The Dinosaurs and Prehistoric Animals of West Virginia

West Virginia has what you might call a "bottom-heavy" geologic record: this state is rich in fossils dating from the Paleozoic Era, from about 400 to 250 million years ago, at which point the well runs dry until we find evidence of scattered megafauna mammals at the cusp of the modern era. Even given these circumstances, though, West Virginia has yielded some fascinating specimens of early amphibians and tetrapods, as you can learn about by perusing the following slides.

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Greererpeton

Greererpeton drawing

Dmitry Bogdanov/Wikimedia Commons/Public Domain

Greererpeton ("creeping beast from Greer") occupies an odd position between the earliest tetrapods (the advanced lobe-finned fish that climbed onto land hundreds of millions of years ago) and the first true amphibians. This middle Carboniferous creature seems to have spent all of its time in the water, leading paleontologists to conclude that it "de-evolved" from recent amphibian ancestors. West Virginia has yielded dozens of Greererpeton fossils, making this one of the state's best-known prehistoric animals.

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Proterogyrinus

The three-foot-long Proterogyrinus (Greek for "early tadpole") was the apex predator of late Carboniferous West Virginia, about 325 million years ago, when North America was just beginning to be populated by air-breathing amphibians descended from the first tetrapods. This wriggly critter retained some evolutionary traces of its recent tetrapod ancestors, most notably its broad, fish-like tail, which was nearly as long as the rest of its body.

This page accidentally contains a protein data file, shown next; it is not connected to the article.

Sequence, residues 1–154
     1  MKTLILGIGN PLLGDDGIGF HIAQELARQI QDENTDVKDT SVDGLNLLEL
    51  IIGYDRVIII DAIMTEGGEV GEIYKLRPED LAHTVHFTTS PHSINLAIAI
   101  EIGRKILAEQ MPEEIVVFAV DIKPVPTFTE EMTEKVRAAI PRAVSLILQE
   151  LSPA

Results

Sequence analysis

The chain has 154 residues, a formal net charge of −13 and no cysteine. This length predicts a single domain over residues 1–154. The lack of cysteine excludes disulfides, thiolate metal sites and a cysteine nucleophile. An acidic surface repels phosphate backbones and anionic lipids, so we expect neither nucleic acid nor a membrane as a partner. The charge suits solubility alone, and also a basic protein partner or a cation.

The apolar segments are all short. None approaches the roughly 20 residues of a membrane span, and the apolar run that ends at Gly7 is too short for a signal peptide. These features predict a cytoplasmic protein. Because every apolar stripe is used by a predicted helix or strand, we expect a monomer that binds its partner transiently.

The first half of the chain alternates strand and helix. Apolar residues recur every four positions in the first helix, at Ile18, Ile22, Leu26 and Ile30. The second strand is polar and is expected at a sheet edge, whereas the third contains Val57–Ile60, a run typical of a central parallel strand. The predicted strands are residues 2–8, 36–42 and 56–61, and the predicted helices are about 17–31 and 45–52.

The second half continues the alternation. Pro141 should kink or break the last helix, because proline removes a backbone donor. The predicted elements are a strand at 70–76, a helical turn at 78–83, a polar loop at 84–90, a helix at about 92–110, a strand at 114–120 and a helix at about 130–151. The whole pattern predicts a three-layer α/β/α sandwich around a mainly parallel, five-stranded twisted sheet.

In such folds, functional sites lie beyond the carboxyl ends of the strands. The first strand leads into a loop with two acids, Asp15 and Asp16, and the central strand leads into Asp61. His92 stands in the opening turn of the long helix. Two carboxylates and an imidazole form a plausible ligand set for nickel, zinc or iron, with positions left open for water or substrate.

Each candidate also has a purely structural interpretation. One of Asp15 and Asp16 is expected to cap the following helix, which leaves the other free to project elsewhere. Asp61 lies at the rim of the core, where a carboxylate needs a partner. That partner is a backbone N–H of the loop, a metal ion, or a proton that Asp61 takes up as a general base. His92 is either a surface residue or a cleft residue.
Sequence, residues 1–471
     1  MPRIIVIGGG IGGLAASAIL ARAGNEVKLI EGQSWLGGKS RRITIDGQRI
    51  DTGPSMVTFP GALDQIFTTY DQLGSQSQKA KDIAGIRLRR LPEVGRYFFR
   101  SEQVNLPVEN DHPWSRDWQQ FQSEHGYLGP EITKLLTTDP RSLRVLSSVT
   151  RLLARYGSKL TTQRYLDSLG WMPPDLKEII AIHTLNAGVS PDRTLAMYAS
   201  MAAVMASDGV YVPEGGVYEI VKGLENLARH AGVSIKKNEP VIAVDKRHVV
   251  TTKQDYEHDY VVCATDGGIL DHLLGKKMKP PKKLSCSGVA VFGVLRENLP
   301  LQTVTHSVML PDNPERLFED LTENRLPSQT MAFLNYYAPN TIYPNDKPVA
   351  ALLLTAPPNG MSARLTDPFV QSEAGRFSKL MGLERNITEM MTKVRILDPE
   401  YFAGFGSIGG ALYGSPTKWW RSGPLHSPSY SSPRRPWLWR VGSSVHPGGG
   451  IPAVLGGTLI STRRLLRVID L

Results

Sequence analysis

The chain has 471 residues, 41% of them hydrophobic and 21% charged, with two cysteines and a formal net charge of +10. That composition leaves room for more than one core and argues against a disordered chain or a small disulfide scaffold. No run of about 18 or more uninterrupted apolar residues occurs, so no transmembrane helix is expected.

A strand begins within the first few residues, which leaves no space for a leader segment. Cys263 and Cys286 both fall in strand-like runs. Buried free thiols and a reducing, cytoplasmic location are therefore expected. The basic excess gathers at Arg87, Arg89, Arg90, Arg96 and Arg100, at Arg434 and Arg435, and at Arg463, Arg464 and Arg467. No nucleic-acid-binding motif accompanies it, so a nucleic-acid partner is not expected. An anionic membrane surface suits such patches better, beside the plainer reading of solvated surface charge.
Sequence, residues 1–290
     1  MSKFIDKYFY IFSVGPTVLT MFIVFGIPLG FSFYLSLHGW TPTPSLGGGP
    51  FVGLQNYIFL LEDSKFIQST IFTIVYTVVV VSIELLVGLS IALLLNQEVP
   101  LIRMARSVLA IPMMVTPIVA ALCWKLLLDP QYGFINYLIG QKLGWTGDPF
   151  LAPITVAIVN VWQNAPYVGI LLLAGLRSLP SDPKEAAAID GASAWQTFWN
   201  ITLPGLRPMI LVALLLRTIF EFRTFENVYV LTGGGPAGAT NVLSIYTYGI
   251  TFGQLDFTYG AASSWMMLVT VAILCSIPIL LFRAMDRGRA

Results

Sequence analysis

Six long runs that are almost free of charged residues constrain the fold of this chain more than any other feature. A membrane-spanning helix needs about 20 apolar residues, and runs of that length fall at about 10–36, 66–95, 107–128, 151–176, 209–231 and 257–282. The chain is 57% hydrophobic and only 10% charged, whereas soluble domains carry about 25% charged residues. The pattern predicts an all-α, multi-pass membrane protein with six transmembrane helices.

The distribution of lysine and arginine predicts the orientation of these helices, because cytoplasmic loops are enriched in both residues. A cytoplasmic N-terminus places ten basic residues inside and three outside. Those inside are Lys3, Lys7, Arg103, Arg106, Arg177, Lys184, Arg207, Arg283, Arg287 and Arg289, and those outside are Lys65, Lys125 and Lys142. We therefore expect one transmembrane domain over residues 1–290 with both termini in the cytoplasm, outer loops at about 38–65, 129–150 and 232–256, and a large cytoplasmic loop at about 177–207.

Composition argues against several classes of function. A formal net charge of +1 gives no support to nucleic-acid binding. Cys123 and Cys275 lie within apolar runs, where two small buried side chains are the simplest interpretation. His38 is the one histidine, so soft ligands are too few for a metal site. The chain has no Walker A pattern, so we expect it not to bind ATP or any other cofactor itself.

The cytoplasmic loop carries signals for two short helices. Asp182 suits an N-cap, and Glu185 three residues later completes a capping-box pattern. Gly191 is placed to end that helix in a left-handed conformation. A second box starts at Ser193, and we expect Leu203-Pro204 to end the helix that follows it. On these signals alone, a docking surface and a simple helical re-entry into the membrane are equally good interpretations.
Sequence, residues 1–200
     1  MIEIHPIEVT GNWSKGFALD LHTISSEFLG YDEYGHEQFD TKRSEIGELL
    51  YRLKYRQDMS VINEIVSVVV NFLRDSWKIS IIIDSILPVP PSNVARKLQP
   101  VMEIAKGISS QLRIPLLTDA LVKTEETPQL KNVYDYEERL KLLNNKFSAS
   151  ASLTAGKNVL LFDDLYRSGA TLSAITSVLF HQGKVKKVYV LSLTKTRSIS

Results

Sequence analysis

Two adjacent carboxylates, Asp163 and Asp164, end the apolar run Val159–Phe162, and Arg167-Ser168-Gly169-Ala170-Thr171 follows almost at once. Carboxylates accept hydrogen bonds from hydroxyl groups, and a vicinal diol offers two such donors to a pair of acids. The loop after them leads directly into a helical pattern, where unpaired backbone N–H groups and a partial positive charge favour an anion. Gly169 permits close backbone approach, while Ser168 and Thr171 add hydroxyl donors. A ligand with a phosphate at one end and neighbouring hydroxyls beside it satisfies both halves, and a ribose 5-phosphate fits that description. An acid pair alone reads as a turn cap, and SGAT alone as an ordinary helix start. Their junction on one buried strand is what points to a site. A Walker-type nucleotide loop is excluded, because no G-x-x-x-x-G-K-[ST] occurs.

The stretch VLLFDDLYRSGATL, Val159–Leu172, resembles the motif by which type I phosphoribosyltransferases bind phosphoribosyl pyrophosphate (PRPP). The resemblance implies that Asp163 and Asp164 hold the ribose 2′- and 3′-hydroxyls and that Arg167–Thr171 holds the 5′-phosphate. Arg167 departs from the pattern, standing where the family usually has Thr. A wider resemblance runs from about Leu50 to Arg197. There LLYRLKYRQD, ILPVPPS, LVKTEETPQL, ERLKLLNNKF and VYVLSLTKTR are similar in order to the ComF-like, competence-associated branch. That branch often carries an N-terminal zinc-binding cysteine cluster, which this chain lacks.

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Diploceraspis

Diploceraspis illustration

Dmitry Bogdanov/Wikimedia Commons/CC BY 3.0

A close relative of the similarly named Diplocaulus, Diploceraspis was an odd-looking amphibian of the Permian period, characterized by its oversized, boomerang-shaped head (which probably kept it from being swallowed whole by predators, or made it look so big from a distance that bigger meat-eaters avoided pursuing it in the first place). Various specimens of Diploceraspis have been discovered in both West Virginia and neighboring Ohio.

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Lithostrotionella

Oddly enough, Lithostrotionella is the official state gemstone of West Virginia, even though it wasn't a rock, but a prehistoric coral that lived about 340 million years ago during the early Carboniferous period (when much of eastern North America was submerged under water, and vertebrate life had yet to invade dry land). Corals, which still thrive today, are colonial, marine-dwelling animals, and not plants or minerals, as many people mistakenly believe.

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The Giant Ground Sloth

Magalonyx skeleton

Daderot/Wikimedia Commons/CC0

An object of perpetual dispute between West Virginia and Virginia is the true provenance of Megalonyx, the Giant Ground Sloth described by Thomas Jefferson before he became the third president of the United States. Until recently, it was believed that the type fossil of Megalonyx was discovered in Virginia proper; now, evidence has come to light that this megafauna mammal actually lived in Pleistocene West Virginia. (Remember that Virginia was one big colony in Jefferson's day; West Virginia was only created during the Civil War.)